Both hard- and soft-knee compression have their uses; two examples: if you want to squash a signal’s transients quickly, you’ll want hard knee compression. If you want to use a compressor to gently glue a mix together by tightening up transients, you’ll want a soft-knee compressor.

Lastly, if you have a compressor, like the Dyn3 Compressor/limiter which comes free with Pro Tools, look at the picture of the knee. It actually looks like a human knee!

As always – I hope this helps!

And…. HEY! Make it a great day!


Compressors 201 – Threshold

A compressor has a lot of knobs and settings. They can be confusing at first. In this blog I am going to talk about one of those knobs – Threshold.

A compressor is an automatic volume control. We try to make the signal somewhat the same, static. Without a compressor, we would have to do it manually, turning the signal down, then up, then down, etc. But with a compressor, it can do that job for us.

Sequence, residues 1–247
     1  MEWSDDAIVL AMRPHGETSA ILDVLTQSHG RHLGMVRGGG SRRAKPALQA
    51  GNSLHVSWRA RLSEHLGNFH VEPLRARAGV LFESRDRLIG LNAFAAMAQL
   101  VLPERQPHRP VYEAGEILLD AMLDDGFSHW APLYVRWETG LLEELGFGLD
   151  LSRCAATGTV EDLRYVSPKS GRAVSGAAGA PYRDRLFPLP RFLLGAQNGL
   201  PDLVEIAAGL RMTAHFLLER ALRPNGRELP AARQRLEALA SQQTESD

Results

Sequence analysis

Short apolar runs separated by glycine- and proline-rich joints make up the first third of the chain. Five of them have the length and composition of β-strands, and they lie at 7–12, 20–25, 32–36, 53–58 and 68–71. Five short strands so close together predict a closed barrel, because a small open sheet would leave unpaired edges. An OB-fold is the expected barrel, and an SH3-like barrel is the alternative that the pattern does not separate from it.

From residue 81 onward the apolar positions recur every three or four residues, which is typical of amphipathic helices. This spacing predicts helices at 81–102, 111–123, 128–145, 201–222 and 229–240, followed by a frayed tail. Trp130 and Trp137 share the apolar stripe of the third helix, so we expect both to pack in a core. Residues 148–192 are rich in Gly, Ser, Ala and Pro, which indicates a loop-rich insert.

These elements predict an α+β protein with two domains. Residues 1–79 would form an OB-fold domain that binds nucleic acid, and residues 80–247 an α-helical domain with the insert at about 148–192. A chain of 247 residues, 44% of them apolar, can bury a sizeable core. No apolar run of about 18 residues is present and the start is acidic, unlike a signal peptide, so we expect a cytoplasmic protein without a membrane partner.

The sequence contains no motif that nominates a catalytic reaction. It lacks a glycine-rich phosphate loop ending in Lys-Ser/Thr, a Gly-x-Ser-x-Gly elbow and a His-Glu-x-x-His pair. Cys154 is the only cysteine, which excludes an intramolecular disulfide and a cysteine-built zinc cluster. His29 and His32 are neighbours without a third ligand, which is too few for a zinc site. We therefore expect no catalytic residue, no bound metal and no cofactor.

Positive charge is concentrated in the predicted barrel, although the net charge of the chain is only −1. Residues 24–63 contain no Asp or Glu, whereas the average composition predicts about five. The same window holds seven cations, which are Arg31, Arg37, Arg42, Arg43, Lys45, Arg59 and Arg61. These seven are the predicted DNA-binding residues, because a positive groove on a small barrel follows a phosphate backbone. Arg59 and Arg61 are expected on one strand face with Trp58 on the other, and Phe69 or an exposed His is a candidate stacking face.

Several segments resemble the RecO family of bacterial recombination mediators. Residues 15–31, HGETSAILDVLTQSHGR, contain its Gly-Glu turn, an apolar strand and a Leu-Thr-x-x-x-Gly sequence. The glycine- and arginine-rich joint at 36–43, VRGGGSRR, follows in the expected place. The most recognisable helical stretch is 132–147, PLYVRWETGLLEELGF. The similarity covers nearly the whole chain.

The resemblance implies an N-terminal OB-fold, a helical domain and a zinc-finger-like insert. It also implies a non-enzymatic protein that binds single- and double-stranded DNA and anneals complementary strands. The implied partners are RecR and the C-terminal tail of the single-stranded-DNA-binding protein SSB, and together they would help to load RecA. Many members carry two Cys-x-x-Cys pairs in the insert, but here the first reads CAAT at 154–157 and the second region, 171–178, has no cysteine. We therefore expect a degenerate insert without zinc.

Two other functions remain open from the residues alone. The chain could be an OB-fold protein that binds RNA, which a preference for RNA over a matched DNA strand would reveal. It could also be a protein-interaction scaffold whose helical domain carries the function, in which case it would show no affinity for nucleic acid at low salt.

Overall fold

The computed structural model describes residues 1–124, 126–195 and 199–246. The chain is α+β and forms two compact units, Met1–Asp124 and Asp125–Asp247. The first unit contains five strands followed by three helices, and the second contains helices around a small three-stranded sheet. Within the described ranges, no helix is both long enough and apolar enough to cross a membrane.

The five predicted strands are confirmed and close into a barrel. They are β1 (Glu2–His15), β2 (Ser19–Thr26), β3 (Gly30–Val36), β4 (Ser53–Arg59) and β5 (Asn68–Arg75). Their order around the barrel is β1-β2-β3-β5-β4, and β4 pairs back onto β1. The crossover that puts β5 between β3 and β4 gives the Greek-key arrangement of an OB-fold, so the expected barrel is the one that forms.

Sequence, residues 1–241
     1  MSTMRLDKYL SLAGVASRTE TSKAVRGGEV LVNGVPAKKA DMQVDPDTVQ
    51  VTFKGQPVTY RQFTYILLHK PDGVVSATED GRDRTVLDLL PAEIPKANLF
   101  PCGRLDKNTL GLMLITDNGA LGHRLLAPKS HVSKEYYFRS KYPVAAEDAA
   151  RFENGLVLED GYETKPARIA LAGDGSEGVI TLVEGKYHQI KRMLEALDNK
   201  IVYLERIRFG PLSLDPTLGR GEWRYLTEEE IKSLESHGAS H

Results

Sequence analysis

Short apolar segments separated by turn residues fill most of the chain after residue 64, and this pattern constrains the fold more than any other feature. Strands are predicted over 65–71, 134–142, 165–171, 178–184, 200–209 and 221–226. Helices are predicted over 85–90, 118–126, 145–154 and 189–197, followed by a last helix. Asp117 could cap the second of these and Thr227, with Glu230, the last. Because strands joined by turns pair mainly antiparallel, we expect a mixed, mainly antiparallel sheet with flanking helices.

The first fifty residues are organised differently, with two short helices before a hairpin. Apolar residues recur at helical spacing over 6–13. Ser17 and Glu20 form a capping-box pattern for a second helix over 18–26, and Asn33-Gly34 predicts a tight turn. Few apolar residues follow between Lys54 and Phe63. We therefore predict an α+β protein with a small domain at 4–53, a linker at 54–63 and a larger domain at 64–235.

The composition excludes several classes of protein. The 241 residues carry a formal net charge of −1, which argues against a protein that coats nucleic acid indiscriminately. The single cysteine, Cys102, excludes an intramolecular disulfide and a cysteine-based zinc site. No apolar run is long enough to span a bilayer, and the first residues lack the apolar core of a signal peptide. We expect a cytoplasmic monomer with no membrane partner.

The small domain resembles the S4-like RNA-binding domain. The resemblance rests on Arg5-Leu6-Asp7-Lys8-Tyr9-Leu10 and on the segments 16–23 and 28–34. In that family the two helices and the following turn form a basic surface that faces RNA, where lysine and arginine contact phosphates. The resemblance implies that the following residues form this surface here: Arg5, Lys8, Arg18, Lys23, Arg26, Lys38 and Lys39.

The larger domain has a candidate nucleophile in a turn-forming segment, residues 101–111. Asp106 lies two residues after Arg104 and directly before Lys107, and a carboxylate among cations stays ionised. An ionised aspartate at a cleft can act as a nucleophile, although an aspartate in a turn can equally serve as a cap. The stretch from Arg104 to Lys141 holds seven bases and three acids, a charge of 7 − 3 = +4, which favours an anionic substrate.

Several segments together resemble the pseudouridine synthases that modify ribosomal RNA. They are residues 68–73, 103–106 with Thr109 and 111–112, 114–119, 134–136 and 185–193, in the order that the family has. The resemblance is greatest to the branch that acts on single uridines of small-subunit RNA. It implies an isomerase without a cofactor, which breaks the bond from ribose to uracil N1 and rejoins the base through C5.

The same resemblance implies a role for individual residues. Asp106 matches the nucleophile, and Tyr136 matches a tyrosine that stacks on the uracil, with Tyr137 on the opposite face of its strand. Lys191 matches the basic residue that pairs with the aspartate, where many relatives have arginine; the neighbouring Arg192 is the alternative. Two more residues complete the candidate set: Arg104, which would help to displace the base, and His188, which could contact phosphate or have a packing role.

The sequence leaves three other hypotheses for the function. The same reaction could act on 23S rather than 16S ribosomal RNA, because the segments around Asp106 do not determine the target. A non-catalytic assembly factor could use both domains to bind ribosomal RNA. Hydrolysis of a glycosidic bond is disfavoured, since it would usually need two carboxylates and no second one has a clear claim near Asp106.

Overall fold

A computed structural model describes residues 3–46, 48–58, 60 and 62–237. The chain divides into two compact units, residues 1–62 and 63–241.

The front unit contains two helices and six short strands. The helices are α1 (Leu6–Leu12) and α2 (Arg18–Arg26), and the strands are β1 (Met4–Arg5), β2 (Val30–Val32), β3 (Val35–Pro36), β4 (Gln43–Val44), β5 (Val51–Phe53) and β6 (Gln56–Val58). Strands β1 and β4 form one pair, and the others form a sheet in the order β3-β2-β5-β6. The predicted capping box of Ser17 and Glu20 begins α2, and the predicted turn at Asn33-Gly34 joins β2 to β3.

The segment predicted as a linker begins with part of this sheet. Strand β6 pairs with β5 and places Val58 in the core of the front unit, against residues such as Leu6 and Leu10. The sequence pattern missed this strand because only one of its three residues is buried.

When a signal gets loud (and crosses the threshold), it turns it down. If there’s any makeup gain, it will turn the softer signals up making them louder (along with everything else, of course).

The threshold setting tells the compressor when to start working. Put a compressor on, say, a vocal track. Pay attention to the input signal on the compressor. Let’s say the input signal is -10 dB. Now set the threshold knob to -16 dB, and the Ratio 2:1. What we’re telling the compressor to do is this: Any signal that is stronger than -16 dB, I want it to compress (lower) the signal. When the signal crosses the threshold it will get cut (attenuated) in a 2 to 1 ratio. So in this scenario, the signal is coming in at -10, with the threshold set to -16 and a 2:1 ratio. This means 6 dB is going to get compressed in a 2:1 ratio. The signal will get cut down to 3 dB over. You can think 2 becomes 1, 4 becomes 2, 6 becomes 3, etc.

If the ratio was 10:1, the signal would get compressed more. The higher the number, the more the compression. If the signal crossed the threshold by 10 dB, then it would be reduced to 1 dB.

The threshold determines how much of the signal the compressor is going to affect. You can change where the threshold is set usually in two ways. Using the Dyn3 compressor/limiter, grab the orange arrow on the signal led and slide up or down. Or to the far right at the bottom, grab the threshold knob and set up or down.

TIP: If Pro Tools is your DAW, use the Dyn3 Compressor/Limiter (free). It helps to make understanding what and how a compressor works easier.

I hope this helps!

and HEY! Make it a great day!